Certain Taxane Schedules May Improve Outcomes in Breast Cancer
Weekly paclitaxel and every-3-week docetaxel regimens improved clinical outcomes in women with breast cancer.
Weekly paclitaxel and every-3-week docetaxel regimens improved clinical outcomes in women with breast cancer, a recent study published online this week in the Journal of Clinical Oncology has shown.
This was a phase 3, four-arm study, conducted in 4,954 women with stage II to III breast cancer. Patients who had previously received treatment with four cycles of doxorubicin plus cyclophosphamide were randomly assigned to receive paclitaxel or docetaxel weekly or every 3 weeks.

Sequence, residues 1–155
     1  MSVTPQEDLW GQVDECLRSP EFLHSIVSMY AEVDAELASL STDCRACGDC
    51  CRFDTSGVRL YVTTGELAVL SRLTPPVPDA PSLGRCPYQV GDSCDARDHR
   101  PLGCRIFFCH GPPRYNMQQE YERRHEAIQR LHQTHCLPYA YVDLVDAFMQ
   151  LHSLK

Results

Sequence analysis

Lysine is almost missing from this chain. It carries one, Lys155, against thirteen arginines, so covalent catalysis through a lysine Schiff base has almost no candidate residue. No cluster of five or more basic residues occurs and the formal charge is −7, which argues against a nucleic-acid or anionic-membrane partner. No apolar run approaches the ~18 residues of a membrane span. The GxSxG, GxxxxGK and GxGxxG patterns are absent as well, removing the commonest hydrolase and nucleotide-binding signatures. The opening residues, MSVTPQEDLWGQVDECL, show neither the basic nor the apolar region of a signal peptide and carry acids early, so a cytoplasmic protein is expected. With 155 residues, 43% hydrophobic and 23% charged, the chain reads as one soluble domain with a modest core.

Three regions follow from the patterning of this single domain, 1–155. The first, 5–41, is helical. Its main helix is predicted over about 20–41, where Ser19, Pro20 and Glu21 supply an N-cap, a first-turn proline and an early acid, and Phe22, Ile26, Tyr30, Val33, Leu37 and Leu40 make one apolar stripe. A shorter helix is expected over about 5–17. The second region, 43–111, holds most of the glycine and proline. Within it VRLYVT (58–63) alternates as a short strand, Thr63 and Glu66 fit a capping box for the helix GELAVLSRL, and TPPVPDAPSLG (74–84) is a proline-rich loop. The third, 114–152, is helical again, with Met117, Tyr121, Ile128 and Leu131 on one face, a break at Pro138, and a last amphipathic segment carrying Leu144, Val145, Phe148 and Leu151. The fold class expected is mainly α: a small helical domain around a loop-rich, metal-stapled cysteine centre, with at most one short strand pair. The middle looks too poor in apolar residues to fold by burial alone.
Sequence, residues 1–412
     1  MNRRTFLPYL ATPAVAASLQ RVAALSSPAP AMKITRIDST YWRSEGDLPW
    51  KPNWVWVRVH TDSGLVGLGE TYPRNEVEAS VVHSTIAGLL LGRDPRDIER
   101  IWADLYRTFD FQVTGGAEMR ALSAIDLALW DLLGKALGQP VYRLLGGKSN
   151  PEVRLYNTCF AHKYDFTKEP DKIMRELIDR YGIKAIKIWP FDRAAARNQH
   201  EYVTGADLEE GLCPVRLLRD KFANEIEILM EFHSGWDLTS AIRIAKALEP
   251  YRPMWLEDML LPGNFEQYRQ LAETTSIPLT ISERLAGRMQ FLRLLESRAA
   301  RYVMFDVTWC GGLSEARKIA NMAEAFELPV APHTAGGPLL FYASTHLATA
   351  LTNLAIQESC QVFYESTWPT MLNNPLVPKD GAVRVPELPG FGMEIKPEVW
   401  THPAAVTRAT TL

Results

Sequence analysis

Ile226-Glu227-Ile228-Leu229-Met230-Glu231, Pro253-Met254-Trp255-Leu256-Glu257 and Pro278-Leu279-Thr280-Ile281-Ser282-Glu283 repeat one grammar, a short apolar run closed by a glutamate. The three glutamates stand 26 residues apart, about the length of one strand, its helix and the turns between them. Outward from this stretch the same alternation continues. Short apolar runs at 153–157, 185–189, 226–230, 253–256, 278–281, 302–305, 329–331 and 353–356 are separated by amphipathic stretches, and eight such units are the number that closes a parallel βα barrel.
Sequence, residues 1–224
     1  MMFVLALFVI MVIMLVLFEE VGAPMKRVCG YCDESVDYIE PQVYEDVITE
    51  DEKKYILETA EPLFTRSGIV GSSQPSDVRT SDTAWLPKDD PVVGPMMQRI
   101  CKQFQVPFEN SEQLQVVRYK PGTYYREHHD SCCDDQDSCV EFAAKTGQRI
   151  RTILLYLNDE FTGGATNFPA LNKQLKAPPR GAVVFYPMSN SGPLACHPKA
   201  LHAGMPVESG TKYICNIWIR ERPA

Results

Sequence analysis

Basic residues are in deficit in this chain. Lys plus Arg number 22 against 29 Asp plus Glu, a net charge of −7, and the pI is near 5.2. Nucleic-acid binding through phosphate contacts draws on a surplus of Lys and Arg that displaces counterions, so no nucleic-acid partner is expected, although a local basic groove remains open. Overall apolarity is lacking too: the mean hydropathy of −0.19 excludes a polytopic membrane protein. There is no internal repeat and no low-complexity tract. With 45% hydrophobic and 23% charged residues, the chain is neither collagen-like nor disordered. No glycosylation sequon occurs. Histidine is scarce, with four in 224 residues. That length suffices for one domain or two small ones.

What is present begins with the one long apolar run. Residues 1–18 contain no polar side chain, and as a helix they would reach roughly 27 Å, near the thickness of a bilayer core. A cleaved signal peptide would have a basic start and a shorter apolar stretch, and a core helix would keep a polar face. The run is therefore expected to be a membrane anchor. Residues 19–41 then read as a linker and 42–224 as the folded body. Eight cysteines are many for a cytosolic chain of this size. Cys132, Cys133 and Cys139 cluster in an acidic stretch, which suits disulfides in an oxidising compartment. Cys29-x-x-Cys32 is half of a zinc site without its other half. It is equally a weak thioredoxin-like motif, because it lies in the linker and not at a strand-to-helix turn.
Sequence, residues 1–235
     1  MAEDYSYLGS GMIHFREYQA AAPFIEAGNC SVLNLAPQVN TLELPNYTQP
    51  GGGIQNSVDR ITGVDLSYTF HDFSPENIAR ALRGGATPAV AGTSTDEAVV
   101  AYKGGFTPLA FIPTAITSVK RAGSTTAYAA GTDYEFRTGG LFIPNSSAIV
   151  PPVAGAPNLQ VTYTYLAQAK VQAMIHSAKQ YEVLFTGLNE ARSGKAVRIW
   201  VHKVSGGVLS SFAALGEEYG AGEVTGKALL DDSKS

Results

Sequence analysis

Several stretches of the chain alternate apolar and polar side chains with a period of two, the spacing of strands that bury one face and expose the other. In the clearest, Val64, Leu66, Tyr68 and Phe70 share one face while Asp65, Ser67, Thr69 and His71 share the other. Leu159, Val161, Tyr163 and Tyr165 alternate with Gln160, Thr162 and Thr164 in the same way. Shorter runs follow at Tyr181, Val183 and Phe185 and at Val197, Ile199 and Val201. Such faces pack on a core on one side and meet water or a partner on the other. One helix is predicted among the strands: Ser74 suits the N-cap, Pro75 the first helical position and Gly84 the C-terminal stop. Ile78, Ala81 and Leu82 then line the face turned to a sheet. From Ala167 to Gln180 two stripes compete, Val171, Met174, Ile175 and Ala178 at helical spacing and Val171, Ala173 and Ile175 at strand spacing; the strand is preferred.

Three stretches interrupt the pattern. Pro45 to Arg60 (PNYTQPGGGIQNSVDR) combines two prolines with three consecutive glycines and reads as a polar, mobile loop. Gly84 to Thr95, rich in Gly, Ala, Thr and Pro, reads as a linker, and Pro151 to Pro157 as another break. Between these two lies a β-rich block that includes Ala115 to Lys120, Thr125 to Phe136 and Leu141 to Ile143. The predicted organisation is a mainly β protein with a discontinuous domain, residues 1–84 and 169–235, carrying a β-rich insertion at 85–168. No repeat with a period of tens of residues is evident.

The primary endpoint was disease-free survival (DFS), and second endpoint was overall survival (OS).
After a median follow-up of 12.1 years, weekly paclitaxel improved DFS (HR = 0.84; P=0.011) and OS (HR = 0.87; P=0.09) compared with every 3 weeks.
Weekly paclitaxel also improved DFS (HR = 0.69; P=0.010) and OS (HR = 0.69; P=0.019) in triple-negative breast cancer. As for docetaxel, the every-3-week schedule improved DFS (HR = 0.79; P=0.001) and OS (HR = 0.86; P=0.054).
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Moreover, black race and obesity were associated with breast cancer recurrence and death.
The findings suggest that certain taxane schedules improve clinical outcomes over others. Additional studies are warranted to investigate why black race and obesity impact clinical outcome in patients with hormone receptor-positive breast cancer.